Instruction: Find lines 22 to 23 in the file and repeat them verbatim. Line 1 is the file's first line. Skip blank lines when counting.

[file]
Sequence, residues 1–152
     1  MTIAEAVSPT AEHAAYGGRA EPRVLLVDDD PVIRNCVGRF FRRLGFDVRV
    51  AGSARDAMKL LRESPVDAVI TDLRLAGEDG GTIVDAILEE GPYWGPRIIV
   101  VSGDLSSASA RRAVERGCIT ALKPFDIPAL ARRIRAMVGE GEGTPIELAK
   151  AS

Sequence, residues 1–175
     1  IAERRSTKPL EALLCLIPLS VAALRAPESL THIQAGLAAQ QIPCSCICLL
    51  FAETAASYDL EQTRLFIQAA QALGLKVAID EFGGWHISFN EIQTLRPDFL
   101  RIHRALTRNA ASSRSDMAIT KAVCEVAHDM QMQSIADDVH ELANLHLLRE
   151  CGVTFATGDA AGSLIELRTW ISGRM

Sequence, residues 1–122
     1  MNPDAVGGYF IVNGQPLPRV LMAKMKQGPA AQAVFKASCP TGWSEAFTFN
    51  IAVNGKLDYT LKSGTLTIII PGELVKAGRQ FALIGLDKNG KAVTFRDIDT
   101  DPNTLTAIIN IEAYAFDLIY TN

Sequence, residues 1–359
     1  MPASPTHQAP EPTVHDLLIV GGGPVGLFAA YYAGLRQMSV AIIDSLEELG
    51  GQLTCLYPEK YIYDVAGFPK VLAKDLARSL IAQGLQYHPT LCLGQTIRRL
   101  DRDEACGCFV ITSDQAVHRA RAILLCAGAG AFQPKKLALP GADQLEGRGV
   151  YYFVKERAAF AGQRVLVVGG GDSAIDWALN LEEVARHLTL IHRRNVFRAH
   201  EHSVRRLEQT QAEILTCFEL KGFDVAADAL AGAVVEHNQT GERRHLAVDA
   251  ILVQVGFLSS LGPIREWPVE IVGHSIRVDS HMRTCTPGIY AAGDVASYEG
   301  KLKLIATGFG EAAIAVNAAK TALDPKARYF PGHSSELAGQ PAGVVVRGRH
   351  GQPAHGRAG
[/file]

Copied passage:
   301  KLKLIATGFG EAAIAVNAAK TALDPKARYF PGHSSELAGQ PAGVVVRGRH
   351  GQPAHGRAG